FIG. 1 depicts a flow diagram of the overall steps performed by methods and systems consistent with the subject matter described herein.

FIG. 2 depicts a business document flow for an invoice request in accordance with methods and systems consistent with the subject matter described herein.

FIGS. 3A-B illustrate example environments implementing the transmission, receipt, and processing of data between heterogeneous applications in accordance with certain embodiments included in the present disclosure.

FIG. 4 illustrates an example application implementing certain techniques and components in accordance with one embodiment of the system of FIG. 1.

FIG. 5A depicts an example development environment in accordance with one embodiment of FIG. 1.

FIG. 5B depicts a simplified process for mapping a model representation to a runtime representation using the example development environment of FIG. 5A or some other development environment.

FIG. 6 depicts message categories in accordance with methods and systems consistent with the subject matter described herein.

FIG. 7 depicts an example of a package in accordance with methods and systems consistent with the subject matter described herein.

FIG. 8 depicts another example of a package in accordance with methods and systems consistent with the subject matter described herein.

FIG. 9 depicts a third example of a package in accordance with methods and systems consistent with the subject matter described herein.

FIG. 10 depicts a fourth example of a package in accordance with methods and systems consistent with the subject matter described herein.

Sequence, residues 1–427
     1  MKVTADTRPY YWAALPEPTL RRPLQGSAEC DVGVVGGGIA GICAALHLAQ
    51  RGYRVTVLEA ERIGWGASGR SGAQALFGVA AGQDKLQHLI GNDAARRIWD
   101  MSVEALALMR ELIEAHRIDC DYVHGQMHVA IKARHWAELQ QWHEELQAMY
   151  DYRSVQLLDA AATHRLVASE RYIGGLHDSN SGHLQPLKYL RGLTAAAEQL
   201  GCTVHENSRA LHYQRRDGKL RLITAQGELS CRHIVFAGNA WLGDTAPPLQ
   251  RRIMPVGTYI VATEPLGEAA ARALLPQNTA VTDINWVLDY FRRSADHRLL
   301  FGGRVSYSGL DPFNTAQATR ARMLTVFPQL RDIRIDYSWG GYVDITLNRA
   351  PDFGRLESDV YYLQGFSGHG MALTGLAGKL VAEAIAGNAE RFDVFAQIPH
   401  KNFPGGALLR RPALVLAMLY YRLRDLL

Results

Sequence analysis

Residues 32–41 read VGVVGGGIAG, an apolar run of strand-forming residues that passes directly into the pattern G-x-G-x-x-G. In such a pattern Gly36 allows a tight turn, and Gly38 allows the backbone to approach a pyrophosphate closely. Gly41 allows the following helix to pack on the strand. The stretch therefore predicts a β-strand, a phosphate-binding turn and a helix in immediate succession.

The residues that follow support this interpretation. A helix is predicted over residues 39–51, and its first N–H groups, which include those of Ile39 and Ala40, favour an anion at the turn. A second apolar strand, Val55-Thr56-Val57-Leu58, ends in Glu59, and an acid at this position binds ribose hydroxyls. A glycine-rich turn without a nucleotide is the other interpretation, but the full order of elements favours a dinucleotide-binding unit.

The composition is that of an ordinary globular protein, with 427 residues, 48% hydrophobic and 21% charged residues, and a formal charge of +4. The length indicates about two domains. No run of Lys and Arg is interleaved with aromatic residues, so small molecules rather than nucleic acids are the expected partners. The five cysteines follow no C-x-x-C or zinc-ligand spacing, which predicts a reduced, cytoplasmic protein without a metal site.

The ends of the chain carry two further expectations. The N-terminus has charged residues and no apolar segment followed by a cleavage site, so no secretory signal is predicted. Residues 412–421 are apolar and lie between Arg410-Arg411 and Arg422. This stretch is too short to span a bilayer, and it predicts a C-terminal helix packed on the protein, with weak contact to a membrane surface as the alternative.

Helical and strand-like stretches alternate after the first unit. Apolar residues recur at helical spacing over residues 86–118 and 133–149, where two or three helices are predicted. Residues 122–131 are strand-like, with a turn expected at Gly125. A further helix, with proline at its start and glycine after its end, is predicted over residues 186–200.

FIG. 11 depicts the representation of a package in the XML schema in accordance with methods and systems consistent with the subject matter described herein.

FIG. 12 depicts a graphical representation of cardinalities between two entities in accordance with methods and systems consistent with the subject matter described herein.

FIG. 13 depicts an example of a composition in accordance with methods and systems consistent with the subject matter described herein.

FIG. 14 depicts an example of a hierarchical relationship in accordance with methods and systems consistent with the subject matter described herein.

FIG. 15 depicts an example of an aggregating relationship in accordance with methods and systems consistent with the subject matter described herein.

FIG. 16 depicts an example of an association in accordance with methods and systems consistent with the subject matter described herein.

FIG. 17 depicts an example of a specialization in accordance with methods and systems consistent with the subject matter described herein.

FIG. 18 depicts the categories of specializations in accordance with methods and systems consistent with the subject matter described herein.

FIG. 19 depicts an example of a hierarchy in accordance with methods and systems consistent with the subject matter described herein.